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Soho DistrictLondon
London W1
TfL Fare Zone 1

The area of London known as Soho lies just west of Piccadilly Circus. It is bounded by the Shaftesbury Avenue Theatres District in the south, Charing Cross Road in the east, Oxford Street in the north and Regent Street in the west.

Soho is a fascinating, cosmopolitan mass of streets and lanes that never seem to sleep. You will come across every type of person here, from families and children who reside in the ’fair rent’ flats, to prostitutes and drug dealers. It is not for the faint hearted.
You can buy pretty well anything you want in Soho. The streets are often cobbled and narrow, with doorways leading down to basement clubs, small shops, restaurants and bars.
Piccadilly Circus
Starting at Piccadilly Circus, walk up Shaftesbury Avenue and turn left down any small street behind the Apollo or Lyric Theatres and you will find yourself in Soho.
Old Compton Street is the centre of London’s Gay district. Berwick Street has a wonderful street market selling good quality cheap fruit and other foodstuffs. Fresh fish will be available on Tuesdays.
Cheek by jowl with the food shops are wonderful small shops selling velvets and evening brocades, beading, crystals and diamantes, each vying with the other to give you the cheapest price. Specialty vinyl disc shops, book and comic shops, all mixed up with cafes, restaurants and bars.
Soho Square
On the corner of Broadwick and Lexington Streets, close to Berwick Street, is a memorial to Dr John Snow, the London doctor who discovered that cholera was a water-borne disease. In the cholera epidemic of 1854 he was responsible for chaining up the public water pump handle so that residents could not draw water from the pump. The memorial is a cast iron water pump without a handle, and the pavement is painted red where the infamous pump stood. Across the road is the John Snow Pub.
Soho Square (just near the junction of Oxford Street and Charing Cross Road) is a small oasis of green where everyone flocks in the lunch hour in good weather. In the centre of the square is a black and white garden shed where open air concerts are held in the summer. In the square is the only French Protestant Church in London, built 1891-93. No. 10 was once the home of famous botanist, Sir Joseph Banks. The square is very popular with the Gay community who live in the area and it is surrounded by world famous film, television and sporting organisations.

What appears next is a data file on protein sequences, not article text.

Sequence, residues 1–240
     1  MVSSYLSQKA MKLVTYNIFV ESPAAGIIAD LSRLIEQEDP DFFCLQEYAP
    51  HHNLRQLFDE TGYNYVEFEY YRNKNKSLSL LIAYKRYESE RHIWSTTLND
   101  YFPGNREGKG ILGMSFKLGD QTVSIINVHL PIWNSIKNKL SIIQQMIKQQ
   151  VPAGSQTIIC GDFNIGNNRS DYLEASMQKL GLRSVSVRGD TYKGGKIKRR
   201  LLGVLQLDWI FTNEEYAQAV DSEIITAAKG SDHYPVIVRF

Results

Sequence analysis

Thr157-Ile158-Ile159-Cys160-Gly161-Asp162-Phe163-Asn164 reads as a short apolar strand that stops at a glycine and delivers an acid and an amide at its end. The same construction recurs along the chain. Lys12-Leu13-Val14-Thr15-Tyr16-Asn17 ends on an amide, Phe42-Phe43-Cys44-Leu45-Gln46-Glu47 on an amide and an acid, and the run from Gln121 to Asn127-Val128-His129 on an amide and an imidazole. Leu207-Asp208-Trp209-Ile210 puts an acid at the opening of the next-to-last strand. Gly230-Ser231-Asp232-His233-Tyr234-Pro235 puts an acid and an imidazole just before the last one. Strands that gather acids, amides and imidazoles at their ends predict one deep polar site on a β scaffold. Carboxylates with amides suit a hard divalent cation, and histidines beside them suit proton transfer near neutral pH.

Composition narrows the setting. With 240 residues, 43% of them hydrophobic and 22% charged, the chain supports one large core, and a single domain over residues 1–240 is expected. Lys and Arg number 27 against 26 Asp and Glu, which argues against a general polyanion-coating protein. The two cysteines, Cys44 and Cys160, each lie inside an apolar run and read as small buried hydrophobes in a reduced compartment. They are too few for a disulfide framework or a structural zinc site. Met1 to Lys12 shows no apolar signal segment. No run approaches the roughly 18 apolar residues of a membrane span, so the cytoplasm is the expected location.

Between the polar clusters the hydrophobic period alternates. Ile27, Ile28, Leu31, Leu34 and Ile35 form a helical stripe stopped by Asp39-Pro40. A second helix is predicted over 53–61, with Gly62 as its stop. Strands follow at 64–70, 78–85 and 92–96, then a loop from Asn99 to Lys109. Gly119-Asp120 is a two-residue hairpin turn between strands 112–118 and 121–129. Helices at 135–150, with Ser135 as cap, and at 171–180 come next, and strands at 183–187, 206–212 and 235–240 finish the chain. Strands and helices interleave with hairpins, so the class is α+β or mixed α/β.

Charing Cross Road
Charing Cross Road is the place for second hand books and is also the home of one of the greatest bookshops in the world, Foyles. Established in 1906, this five floors of book heaven is on the corner of Charing Cross Road and Manette Street, just a few blocks down from Tottenham Court Road Underground station, on the right hand side. The shop has had a makeover and now has a café as well as an art gallery.
Leicester Square
Leicester Square is home to many of London’s cinemas, clubs and restaurants.
London's Chinatown
Venturing further into Soho you will find London’s Chinatown, mainly centred around Wardour, Lisle, Gerard Streets and Newport Place.
Getting There
To plan your journey use the TfL 'Journey Planner' above.
- By Underground
Piccadilly Circus Station              Piccadilly and Bakerloo Lines
Take Shaftesbury Avenue exit for Berwick Street Market and Broadwick Street.
Tottenham Court Road Station    Central and Northern Line
This is the closest stop for Soho Square and Foyles Bookshop.
Leicester Square Station            Northern and Piccadilly Lines
Use Leicester Square Station for the cinemas and Chinatown
- By Bus
We suggest that you use the Transport for London Journey Planner on this page.
Google Maps - Soho Square



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